Patrick Bond: carbon trading is a scam January 23, 2008Posted by Andreas in Uncategorized.
Durban-based activist/academic Patrick Bond makes a very convincing argument against carbon trading, the mechanism meant to mitigate industrial carbon dioxide emissions (for a great intro to the subject, check-out this urban sprout post).
Bond agrees with Vandana Shiva that “the right to pollute is a multitrillion dollar giveaway to the people who caused the bulk of the climate problems” in the first place.
He criticizes the role South African environment minister Marthinus van Schalkwyk played at the recent Bali conference:
Van Schalkwyk’s leadership is a travesty, for he has said nothing about South Africa’s own $20 billion in new investments – partly privatised through the US multinational AES – in cheap coal-fired electricity generation for the sake mainly of large corporations; he endorses nuclear energy expansion. SA already has an emissions output per person per unit of GDP twenty times worse than the US [GULP!], and van Schalkwyk’s official carbon trading policy argues that it is primarily a ‘commercial opportunity.’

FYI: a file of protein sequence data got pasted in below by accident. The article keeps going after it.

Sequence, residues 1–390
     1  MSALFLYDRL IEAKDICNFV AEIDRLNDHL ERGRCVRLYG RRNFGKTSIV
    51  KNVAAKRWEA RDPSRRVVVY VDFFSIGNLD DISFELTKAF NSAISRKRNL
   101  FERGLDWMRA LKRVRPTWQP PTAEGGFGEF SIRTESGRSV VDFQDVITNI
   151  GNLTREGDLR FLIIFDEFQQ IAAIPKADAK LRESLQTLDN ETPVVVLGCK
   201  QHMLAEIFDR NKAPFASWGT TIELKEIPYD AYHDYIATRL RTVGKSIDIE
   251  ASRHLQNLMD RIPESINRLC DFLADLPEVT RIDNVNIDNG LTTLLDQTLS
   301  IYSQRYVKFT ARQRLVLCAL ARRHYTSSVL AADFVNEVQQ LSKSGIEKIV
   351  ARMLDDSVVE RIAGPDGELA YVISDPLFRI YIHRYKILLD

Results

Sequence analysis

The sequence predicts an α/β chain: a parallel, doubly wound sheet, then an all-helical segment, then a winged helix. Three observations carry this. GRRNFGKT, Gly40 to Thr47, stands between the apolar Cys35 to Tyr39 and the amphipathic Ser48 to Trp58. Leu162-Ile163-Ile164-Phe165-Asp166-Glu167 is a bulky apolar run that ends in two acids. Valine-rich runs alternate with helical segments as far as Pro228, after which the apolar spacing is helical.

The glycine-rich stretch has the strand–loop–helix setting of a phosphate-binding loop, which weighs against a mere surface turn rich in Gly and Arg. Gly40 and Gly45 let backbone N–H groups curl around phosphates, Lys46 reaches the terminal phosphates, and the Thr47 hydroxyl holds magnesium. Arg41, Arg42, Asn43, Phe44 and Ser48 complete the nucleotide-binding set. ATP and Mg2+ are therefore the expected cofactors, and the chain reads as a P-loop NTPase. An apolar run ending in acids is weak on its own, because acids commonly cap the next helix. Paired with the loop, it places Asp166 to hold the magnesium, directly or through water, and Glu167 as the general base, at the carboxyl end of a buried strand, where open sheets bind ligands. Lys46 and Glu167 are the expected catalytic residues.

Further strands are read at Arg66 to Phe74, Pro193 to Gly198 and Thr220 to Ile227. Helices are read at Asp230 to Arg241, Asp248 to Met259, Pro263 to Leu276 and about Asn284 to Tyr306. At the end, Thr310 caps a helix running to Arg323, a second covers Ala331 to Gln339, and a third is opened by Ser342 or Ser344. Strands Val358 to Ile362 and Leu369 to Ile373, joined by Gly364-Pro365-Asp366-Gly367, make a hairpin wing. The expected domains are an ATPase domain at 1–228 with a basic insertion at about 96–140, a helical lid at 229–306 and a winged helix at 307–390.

and he points to a “very different strategy and demand by civil society activists: leave the oil in the soil, the resources in the ground”. This strategy that is also supported by George Monbiot:
‘Ladies and gentlemen, I have the answer! Incredible as it might seem, I have stumbled across the single technology which will save us from runaway climate change! From the goodness of my heart I offer it to you for free. No patents, no small print, no hidden clauses. Already this technology, a radical new kind of carbon capture and storage, is causing a stir among scientists. It is cheap, it is efficient and it can be deployed straight away. It is called … leaving fossil fuels in the ground.
It’s the stop-what-you’re-doing principle again, isn’t it.
And if you can’t be bothered to read it all, here’s a short video of Bond on the topic: